2 Years of
In January earlier this year, in a move aimed at reducing the
recurrence of agricultural distress without having to effect hefty hikes in the
Minimum Support Prices (MSP), Narendra Modi led National Democratic Alliance
government had announced a crop insurance scheme named Pradhan Mantri Fasal
Bima Yojana (PMFBY).
Under the new scheme being implemented from Kharif season of 2016,
the premium paid by farmers had been reduced to 2% of the insured value for the
more rain-dependent kharif crop and 1.5% for the rabi season, compared with
3.5-8% charged for the two earlier schemes ---- National Agricultural Insurance
Scheme (NAIS) and Modified National Agricultural Insurance Scheme (MNAIS). In
the case of horticultural crops, farmers’ premium burden will be 5% of the sum
assured or 50% of the total premium.
NAIS and MNAIS have been discontinued from Kharif 2016, but the
ongoing Weather Based Crop Insurance Scheme (WBCIS) and Coconut Palm Insurance
Scheme would continue to operate while premium to be paid under WBCIS has been
brought on a par with PMFBY.
Later while unveiling the operational guidelines for the PMFBY at
a massive farmers' rally in Sehore in Madhya Pradesh in February this year,
Prime Minister Modi had noted that new crop insurance scheme would provide a
solution for the farmers problems, in times of difficulty. He said care had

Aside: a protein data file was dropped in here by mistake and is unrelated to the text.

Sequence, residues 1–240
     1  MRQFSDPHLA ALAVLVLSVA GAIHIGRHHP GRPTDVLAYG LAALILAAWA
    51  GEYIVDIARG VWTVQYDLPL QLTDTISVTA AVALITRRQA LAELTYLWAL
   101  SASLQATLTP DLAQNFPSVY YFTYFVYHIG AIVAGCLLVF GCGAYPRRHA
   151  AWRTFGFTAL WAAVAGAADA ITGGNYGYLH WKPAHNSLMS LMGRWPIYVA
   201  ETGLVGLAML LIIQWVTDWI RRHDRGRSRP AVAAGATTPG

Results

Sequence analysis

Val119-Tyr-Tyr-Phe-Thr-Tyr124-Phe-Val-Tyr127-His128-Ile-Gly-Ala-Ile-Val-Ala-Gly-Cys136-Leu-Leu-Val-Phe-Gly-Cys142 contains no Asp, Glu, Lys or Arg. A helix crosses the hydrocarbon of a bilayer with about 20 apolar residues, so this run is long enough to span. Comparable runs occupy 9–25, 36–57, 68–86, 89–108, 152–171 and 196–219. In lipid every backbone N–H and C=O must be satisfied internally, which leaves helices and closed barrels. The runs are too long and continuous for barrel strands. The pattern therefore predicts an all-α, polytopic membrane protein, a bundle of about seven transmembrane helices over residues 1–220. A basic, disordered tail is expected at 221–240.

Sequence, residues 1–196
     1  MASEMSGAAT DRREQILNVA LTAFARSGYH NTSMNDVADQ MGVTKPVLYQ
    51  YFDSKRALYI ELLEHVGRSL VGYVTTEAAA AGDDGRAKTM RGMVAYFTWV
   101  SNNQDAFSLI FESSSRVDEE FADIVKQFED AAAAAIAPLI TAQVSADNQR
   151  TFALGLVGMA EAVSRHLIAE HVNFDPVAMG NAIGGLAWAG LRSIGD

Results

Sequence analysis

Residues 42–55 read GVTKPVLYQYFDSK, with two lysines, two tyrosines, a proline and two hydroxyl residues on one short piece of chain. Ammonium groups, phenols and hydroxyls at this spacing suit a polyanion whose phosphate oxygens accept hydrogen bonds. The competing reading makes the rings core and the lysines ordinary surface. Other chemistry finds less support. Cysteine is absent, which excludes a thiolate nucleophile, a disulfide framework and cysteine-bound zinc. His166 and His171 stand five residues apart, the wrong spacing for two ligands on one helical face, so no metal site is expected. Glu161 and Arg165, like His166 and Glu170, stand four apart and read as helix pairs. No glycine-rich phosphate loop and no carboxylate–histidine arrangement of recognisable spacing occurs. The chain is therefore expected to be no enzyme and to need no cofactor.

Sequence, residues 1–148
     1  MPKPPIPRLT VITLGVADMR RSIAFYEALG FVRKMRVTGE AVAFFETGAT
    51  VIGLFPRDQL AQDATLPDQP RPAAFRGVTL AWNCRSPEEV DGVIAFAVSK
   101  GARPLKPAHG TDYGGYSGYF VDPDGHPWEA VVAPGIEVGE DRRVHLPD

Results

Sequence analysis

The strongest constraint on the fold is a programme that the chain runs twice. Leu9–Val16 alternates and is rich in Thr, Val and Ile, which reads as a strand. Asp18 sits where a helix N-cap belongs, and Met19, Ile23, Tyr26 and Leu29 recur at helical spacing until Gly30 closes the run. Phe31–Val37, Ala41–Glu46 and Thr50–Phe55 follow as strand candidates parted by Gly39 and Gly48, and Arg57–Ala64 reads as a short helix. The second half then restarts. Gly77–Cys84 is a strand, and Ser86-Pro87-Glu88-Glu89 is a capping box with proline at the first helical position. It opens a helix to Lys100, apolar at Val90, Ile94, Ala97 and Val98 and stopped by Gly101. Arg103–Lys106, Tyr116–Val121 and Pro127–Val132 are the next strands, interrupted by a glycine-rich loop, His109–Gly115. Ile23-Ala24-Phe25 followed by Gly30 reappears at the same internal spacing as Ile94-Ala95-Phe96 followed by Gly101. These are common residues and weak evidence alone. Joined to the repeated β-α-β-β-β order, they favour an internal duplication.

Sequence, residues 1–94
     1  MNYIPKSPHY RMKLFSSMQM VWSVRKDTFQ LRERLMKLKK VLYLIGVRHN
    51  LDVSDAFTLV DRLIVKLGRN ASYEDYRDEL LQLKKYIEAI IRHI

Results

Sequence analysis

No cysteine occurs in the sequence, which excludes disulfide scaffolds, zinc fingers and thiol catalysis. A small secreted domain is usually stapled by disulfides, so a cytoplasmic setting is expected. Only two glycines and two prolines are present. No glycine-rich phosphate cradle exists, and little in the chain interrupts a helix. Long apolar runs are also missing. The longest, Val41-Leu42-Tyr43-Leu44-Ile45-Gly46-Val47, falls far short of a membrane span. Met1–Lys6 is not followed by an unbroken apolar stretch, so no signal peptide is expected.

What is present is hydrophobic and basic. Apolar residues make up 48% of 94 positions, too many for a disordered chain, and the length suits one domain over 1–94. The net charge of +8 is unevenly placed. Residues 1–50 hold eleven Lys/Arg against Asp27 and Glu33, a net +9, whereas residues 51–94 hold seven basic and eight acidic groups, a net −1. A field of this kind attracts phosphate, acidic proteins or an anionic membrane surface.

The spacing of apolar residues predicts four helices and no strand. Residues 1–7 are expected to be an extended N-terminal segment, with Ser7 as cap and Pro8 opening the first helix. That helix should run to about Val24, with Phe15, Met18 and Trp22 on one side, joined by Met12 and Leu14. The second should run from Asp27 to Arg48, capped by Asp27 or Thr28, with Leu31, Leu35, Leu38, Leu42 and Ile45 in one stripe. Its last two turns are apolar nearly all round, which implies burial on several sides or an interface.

been taken to eliminate the shortcomings of previous crop insurance schemes,
and create trust among farmers with regard to crop insurance. He said
technology would be used extensively with this scheme to ensure early
settlement of claims, and exhorted farmers to take benefit of this scheme.
Under the PMFBY, there would be no upper limit on government
subsidy provided by centre and state governments. “Even if the balance premium
(after farmers’ contribution) is 90%, it will be borne by the government,”
according to an agriculture ministry statement.
In the earlier schemes, there was a provision of capping the
premium rate which resulted in low claims being paid to farmers. Officials said
that this capping on premium was done to limit the government outgo on the
premium subsidy. “This capping has now been removed and farmers will get claim
against full sum insured without any reduction,” an official said.
This would ensure that farmers get the full sum insured without
any reduction or hassles from the 11 designated insurance companies if natural
calamities ravage their crops. Officials said that the following roll out of
PMFBY, the crop insurance coverage is set to rise from 45 million hectares or
23% of the area under cultivation at present to 50% of the crop area by
Another benefit to farmers under the new crop insurance scheme is
that losses incurred by them at any stage of the farming activity — from the
sowing to the post-harvest season — would be covered. Earlier, only
post-harvest losses can be offset by the insurance facility under the two
existing schemes. Also, even those farmers who haven’t taken bank loans will be
eligible for insurance cover under PMFBY.
“The new scheme will increase farmers’ income and resultant
increase in rural demand,” an agriculture ministry official said. The subsidy
would be borne by the Centre and the state government concerned equally. For
PMFBY, finance minister Arun Jaitley had allocated Rs 5,501 crore in
2016-17 while Rs 2,995 crore was allocated for various crop insurance schemes
in the previous fiscal.
thrust of PMFBY has been the use of technology which would be encouraged to a
great extent. “Smart phones will be used to capture and upload data of crop